To borrow a phrase from a recent piece by Martin Armstrong, "it's just time" for Gold to shine and revert to its role as money. Of course, the powers that be and their minions laugh in contempt at such a concept. Wall Street laughs at the investment that has no growth potential and pays no dividends.
And yet, these are the people who didn't see this economic crisis coming and now declare that it is over! It may be over for them, since they have lined their pockets with taxpayer funds to mitigate their losses, but for the rest of us, the pain is just beginning. Economic depressions are a process, not a one-time event.
Japan has been in an economic depression for 19 years now, yet you won't see pictures of soup lines on Japanese television. Their government has a printing press, a fiat currency and has ramped up government debt to levels relative to their GDP that make The United States look like a model of government restraint. Yet, debt deflation still reigns and the Nikkei Japanese stock market index remains 75% below its 1990 peak 19 years later.
Will we repeat this two decade depression (which is not over for Japan by a long shot)? Of course. The only wild card is our currency. History tells us that the U.S. Dollar will hold up well during a deflationary depression and is a good place to put one's money if one does not wish to trade the bear market. But the reserve currency status of the US Dollar is at risk and the calls for a replacement grow louder every day. If a geopolitical event dethrones the US Dollar, an immediate and significant devaluation of the Dollar will occur.
So, why is it Gold's time? Many reasons, but here are the main points to consider:
• Gold is an international currency and store of value, not a commodity. Cash is king during deflation and Gold has been chosen as the best form of cash by civilizations over the past several thousand years. Apparatchiks cannot decree otherwise with any lasting success.
• Growth for stocks in aggregate is negative, dividends are being slashed rapidly, and dilution via new equity offerings is coming at a rapid clip. This wipes out the reason for taking a risk with equities right now.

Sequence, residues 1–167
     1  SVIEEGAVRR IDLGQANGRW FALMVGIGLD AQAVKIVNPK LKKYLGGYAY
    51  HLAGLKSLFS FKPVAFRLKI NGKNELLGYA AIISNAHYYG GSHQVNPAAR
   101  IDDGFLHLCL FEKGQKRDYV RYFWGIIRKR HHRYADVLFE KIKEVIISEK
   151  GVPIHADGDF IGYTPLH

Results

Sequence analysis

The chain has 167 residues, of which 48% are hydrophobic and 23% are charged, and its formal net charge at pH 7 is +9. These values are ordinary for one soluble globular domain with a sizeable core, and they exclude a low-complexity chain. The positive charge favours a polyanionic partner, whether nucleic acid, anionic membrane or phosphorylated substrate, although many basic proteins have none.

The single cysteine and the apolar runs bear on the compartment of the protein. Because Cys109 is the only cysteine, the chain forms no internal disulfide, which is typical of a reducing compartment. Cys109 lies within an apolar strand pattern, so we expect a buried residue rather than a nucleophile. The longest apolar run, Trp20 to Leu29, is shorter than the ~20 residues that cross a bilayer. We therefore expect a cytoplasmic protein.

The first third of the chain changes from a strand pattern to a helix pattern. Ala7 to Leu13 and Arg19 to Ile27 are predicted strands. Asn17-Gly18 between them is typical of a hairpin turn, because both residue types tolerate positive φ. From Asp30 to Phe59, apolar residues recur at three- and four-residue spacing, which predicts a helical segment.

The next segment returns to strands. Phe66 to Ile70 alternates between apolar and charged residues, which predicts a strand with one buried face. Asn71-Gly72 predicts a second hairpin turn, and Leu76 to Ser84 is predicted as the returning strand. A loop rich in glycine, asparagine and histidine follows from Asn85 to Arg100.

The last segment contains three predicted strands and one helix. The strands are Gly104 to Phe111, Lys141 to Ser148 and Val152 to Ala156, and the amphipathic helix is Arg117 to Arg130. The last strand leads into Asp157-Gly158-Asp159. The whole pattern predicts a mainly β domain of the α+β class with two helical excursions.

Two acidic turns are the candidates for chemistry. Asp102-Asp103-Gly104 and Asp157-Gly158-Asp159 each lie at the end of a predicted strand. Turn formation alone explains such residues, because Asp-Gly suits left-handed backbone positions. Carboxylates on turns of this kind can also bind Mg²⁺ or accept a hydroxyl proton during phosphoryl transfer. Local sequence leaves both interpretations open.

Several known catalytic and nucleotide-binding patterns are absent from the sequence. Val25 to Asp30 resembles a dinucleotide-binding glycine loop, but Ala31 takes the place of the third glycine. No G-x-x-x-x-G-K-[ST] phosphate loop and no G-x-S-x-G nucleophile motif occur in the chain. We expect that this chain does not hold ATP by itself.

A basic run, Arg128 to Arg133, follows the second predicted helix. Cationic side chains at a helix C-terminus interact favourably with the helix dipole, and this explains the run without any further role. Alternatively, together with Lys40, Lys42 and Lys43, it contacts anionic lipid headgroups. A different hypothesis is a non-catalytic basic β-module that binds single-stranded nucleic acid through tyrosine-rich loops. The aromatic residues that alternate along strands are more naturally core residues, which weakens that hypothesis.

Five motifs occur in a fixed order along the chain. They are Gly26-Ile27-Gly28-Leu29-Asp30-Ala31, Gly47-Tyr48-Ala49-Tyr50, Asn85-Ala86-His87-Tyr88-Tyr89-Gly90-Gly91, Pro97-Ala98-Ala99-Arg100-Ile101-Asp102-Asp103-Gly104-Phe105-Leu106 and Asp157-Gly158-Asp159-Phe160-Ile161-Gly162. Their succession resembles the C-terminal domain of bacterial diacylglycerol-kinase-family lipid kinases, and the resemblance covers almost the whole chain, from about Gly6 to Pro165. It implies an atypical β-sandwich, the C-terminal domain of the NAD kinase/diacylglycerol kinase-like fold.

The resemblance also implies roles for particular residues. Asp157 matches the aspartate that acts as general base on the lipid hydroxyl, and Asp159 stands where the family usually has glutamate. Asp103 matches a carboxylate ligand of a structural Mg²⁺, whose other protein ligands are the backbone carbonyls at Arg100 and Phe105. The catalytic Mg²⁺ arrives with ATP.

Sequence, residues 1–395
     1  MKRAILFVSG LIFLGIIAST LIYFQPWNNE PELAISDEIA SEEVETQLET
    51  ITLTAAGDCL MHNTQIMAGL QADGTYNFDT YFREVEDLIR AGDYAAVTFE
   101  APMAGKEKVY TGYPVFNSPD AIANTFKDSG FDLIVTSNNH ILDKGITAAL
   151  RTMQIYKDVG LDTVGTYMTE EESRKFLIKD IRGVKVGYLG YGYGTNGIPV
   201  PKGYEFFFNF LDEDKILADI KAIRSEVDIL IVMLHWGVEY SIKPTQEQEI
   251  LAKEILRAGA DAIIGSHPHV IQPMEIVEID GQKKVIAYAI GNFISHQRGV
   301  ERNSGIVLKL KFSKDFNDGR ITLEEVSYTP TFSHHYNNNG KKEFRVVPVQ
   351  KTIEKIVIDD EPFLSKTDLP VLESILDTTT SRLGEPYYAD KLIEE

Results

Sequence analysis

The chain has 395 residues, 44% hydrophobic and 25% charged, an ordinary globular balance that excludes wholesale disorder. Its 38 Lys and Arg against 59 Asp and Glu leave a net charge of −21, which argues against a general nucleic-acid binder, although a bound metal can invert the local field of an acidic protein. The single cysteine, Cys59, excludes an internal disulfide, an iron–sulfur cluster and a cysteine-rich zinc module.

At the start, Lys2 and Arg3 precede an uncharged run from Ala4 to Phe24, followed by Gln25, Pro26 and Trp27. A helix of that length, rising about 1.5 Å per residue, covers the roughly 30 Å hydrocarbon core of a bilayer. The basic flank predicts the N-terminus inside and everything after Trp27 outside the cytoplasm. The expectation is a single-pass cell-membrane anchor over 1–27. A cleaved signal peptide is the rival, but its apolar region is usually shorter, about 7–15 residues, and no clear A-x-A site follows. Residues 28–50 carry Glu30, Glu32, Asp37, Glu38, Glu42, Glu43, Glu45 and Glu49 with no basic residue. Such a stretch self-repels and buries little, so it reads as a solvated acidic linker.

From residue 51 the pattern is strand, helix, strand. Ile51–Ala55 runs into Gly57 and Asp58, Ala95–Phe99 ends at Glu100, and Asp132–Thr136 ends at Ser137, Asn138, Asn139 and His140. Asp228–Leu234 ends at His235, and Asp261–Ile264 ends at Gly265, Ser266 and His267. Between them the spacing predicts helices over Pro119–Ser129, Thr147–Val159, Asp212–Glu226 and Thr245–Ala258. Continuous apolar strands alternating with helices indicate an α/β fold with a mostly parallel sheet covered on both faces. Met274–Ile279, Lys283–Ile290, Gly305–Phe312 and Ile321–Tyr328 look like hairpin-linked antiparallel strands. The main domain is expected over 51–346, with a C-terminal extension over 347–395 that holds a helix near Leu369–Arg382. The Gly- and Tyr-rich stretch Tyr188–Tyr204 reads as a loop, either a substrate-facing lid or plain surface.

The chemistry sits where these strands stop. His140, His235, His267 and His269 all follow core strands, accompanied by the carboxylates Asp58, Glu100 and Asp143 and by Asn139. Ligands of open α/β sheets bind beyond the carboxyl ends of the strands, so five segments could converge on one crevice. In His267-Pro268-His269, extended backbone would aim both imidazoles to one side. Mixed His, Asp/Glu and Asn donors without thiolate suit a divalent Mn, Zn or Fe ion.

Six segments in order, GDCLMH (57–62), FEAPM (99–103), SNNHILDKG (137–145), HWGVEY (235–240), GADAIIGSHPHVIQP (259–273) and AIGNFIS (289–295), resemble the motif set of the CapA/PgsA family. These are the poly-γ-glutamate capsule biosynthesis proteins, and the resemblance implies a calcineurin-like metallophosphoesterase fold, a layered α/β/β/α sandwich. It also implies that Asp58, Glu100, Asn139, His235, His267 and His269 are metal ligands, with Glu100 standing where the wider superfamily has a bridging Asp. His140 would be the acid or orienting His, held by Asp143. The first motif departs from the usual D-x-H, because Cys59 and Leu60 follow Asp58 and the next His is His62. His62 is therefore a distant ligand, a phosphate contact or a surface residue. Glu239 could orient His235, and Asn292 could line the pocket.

• Gold provides a hedge against a rapid currency devaluation, which many governments around the world are trying to achieve. A holder of fiat cash or government bonds is not automatically hedged against this risk. Gold cannot be successfully debased by bureaucratic decree.
• Other asset classes besides cash will do poorly over the next decade and will likely produce negative returns, while Gold will hold its value. Everyone and their grandmother, with the exception of underwater bankers and real estate industry employees, knows real estate is poor investment and the bottom won't be in for at least 2 more years (the wildly bullish scenario). Stocks and corporate bonds are dead for the next decade, trading opportunities aside. Commodities will be crushed by the deflationary scenario that has started if it continues as anticipated.
• Trust is evaporating and fear and pessimism are the new long-term sentiment. People underestimate the importance of this concept. Gloom and doom are gaining a head of steam. The future is not looking good for at least 70-80% of people in the U.S., Europe, and Japan. Gold thrives in this setting.
• Gold is in a long-term bull market that demonstrates no signs of being over. In fact, Gold made new highs in 2009 in multiple currencies, including the Euro, Swiss Franc and Canadian Dollar (among others). Here's a 10 year weekly log scale chart of the price of Gold relative to the Swiss Franc, people's traditional fiat currency "of last resort":
• Finally, consider the Dow to Gold ratio, or a ratio of the "price" of the Dow Jones Industrial Average divided by the price of an ounce of Gold in US Dollars. This ratio will absolutely reach 2 before this secular bear market is over (the bullish scenario for those who are anti-Gold) and could fall below 1. In other words, maybe Gold won't make you rich in deflation but it will preserve your wealth and allow you to buy a whole lot more shares of the Dow Jones once the dust settles. This ratio filters out the effects of inflation or deflation, since the ratio hit 2 in the deflationary 1930s and 1 in the inflationary 1970s. Here's a chart of the last 30 years of action in this ratio on a log-scale weekly chart:
Now the ratio could reach 2 with the Dow at 4,000 or 20,000 (I think the former is much more likely) and either scenario is bullish for holders of Gold and indicates a higher return for Gold relative to holding the stocks that make up the Dow Jones Industrial Average (or the S&P 500).
I think the intermediate-term low for Gold is already in and we are set to re-challenge $1000/ounce. We may or may not make it through on this attempt, but the time is growing short for the breakout above $1000/ounce to occur. Once $1000/ounce becomes support instead of resistance, the final stage of the bull market in Gold will be set to begin. Based on the recent events in Europe, I would say that by the time ATM machines in the U.S. are installed to allow people to buy Gold from ATMs in this country, then it will be time to start thinking about the bull market in the Gold price coming to an end. A sentiment event like this, coupled with a Dow to Gold ratio at or below 2, is when I'll start looking to trade Gold for something else. Until then, Gold is the safest and best no-brainer investment and wealth preserver out there.
And don't get me started on the Gold miners, because once this cyclical bear market in equities is just about over (we're not close in time or price yet), this will be the go to sector and will strongly outperform other investments, including the price of Gold. Those looking to buy in to the Gold stock bull market are advised to be patient, as good buying opportunities will come along later this summer.